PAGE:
Timing of ETS for energy recovery is crucial to success

Jacob Hayler, Executive Director ESA, Aug 2, 2022

Inclusion of fossil-based emissions from energy recovery in the UK ETS will become a necessary component to achieve net-zero but the timing of its introduction is of vital importance to a successful outcome in our sector

The inclusion of fossil-based emissions from energy recovery in the UK Emissions Trading Scheme (ETS) will, in future, likely become a necessary component of our sector’s drive to achieve net-zero emissions by 2040 but the timing of its introduction is of vital importance to a successful outcome. 

The Environmental Services Association (ESA) believes that carbon pricing has a role to play in the decarbonisation of the UK's recycling and waste sector but this must be applied in an appropriate manner and only after the deployment of other policy instruments.

In particular, when applying the UK ETS to residual waste treatment, it is essential that it reflects the waste hierarchy – which broadly aligns with the carbon hierarchy – and supports a level playing field across all sites and technologies. 

The UK ETS sets a cap on the total level of permitted greenhouse gas emissions while simultaneously creating a carbon market for any unused emissions allowances. The scheme has been in action since January 2021 (replacing the EU ETS after the Brexit transition process) and, earlier this year, BEIS launched a consultation seeking views to support future development of the ETS – in part calling for evidence in relation to a possible expansion of the ETS to include energy recovery from waste.

The ESA submitted a comprehensive response to this consultation, which closed in June 2022, in which we set out the conditions which we believe must be in place before the UK ETS can be expanded to cover the fossil-based emissions from waste incineration and energy from waste. 

To ensure that the application of carbon pricing to the residual waste sector delivers the most cost-effective solution to decarbonise, it must be aligned with a comprehensive ban on organics to landfill, to avoid residual waste being diverted down the waste hierarchy, and a tax on Refuse Derived Fuel (RDF) exports that is equivalent to the carbon price – to ensure that our sectoral carbon is not simply exported.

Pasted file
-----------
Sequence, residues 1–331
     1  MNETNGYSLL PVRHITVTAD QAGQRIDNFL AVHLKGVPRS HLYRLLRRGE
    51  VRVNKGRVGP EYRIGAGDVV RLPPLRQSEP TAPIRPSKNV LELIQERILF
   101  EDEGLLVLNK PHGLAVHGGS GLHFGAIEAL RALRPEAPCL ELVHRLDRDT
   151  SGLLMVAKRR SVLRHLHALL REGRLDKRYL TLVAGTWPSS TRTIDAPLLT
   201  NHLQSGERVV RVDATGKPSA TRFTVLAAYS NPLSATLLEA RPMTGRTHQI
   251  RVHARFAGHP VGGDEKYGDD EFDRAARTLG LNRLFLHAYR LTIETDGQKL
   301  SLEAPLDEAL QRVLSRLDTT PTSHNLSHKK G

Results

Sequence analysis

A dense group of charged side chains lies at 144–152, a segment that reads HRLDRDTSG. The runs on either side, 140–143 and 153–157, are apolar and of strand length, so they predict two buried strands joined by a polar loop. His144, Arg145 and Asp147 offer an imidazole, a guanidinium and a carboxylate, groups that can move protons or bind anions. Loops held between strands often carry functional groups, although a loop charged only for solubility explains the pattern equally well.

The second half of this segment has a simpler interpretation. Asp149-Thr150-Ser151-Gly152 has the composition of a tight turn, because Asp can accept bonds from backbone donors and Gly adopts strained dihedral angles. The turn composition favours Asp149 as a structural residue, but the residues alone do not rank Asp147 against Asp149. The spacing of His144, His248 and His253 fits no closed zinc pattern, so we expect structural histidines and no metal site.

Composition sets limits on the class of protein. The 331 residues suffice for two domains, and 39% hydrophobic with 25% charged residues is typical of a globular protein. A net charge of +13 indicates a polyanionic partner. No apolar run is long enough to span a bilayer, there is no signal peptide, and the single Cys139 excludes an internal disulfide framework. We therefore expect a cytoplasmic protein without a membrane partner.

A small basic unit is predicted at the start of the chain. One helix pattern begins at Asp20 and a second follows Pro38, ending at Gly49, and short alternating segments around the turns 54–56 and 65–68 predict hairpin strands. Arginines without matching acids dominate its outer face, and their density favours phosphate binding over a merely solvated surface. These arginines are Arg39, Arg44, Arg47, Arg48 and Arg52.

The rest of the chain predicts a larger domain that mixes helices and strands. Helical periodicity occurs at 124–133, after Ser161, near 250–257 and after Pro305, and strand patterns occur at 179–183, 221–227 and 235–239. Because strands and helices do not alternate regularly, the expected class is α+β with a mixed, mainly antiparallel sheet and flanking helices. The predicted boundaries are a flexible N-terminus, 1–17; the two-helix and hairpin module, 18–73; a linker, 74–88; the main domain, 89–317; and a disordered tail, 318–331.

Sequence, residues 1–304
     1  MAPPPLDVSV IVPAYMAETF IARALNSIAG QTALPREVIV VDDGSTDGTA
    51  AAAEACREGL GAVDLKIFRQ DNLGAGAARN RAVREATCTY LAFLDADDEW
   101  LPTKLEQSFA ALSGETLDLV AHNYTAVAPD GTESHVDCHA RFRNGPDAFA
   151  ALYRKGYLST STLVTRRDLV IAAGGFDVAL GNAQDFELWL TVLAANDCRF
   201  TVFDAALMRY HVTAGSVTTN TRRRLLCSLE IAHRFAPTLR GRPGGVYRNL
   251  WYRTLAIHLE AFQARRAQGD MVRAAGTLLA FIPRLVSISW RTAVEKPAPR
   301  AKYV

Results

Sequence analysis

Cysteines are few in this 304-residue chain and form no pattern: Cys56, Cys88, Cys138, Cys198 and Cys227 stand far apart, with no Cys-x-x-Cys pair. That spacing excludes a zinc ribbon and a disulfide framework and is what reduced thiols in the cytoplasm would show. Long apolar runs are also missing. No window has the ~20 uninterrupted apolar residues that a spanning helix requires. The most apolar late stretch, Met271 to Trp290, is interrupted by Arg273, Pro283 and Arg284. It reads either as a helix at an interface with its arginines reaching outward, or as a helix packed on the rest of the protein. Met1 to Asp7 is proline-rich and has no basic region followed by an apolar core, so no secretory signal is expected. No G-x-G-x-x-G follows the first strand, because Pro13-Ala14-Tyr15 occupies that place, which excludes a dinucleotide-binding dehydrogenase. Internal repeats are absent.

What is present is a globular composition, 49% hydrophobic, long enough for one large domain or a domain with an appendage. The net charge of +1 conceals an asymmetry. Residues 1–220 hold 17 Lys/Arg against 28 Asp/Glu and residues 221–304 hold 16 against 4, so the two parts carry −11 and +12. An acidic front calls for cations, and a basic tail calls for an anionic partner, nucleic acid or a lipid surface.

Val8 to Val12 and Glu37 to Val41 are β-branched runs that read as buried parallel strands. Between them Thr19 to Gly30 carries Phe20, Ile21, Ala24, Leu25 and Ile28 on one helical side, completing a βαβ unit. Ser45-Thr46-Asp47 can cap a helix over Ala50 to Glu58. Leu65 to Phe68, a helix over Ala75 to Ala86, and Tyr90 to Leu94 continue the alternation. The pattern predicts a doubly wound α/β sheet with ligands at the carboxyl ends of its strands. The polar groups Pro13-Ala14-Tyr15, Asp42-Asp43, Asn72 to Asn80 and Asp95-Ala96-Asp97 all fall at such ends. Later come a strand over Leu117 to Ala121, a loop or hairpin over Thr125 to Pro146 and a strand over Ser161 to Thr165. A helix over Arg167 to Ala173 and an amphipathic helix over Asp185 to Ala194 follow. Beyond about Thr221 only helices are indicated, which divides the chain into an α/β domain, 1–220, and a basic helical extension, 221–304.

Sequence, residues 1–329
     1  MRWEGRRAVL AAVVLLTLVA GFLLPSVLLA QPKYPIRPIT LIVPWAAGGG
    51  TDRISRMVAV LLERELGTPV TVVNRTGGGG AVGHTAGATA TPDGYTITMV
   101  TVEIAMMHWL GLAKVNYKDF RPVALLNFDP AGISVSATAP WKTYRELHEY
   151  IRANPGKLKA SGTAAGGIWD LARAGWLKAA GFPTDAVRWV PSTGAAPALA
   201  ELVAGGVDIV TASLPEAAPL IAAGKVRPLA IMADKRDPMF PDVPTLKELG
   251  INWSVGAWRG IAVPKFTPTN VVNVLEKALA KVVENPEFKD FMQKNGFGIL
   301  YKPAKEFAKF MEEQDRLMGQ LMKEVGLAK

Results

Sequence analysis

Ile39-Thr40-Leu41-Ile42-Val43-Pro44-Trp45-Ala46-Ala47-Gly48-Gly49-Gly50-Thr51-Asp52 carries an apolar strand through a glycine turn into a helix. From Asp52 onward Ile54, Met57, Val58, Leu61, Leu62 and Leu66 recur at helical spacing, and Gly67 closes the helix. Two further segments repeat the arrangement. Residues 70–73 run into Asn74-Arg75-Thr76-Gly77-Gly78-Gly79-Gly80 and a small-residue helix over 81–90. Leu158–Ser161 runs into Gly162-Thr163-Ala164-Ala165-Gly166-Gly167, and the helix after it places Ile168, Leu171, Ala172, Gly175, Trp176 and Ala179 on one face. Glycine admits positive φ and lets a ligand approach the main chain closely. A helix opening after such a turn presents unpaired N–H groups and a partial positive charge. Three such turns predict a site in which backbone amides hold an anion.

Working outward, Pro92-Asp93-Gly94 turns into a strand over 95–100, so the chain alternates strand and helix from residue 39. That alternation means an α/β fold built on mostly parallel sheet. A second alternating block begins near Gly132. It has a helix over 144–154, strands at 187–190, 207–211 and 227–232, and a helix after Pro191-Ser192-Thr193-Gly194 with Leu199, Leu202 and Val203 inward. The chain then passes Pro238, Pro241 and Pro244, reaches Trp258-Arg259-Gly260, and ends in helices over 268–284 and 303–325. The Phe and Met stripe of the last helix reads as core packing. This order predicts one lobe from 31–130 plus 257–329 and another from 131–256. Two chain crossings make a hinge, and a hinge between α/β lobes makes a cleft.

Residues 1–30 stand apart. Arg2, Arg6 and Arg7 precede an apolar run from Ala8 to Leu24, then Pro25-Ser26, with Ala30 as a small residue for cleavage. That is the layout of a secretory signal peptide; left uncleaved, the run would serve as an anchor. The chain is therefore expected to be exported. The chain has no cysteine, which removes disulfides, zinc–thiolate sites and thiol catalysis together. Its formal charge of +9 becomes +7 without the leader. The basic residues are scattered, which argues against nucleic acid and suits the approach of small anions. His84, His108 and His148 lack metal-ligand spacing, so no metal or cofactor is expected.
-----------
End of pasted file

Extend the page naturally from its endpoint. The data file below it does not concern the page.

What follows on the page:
Furthermore, the timing must align with planned policies that incentivise recycling practices and the wider decarbonisation of the industry – across the UK and the devolved administrations – and provide sufficient lead-in time for fossil-based material to be removed from the residual waste stream.

Fundamentally, reducing carbon emissions from energy recovery is dependent upon waste prevention; and increasing recycling rates and re-use – particularly for plastics. For the residual waste material left over, capturing CO2 from the energy recovery emissions represents the last chance to capture emissions, but this will not be feasible across all current facilities.

Carbon-pricing alone will not solve the sector’s ability to decarbonise so we believe that residual waste treatment facilities should be introduced into the UK ETS no earlier than 2028, as this is the earliest feasible date in which the above conditions could be met and the effects of the relevant policy drivers will be seen. If these conditions have not been met by 2028, the application of carbon pricing to the industry should be delayed to avoid disruption to the waste hierarchy and other unintended outcomes.  


*This article was first published in the most recent edition of the CIWM Circular magazine and has been reproduced with kind permission.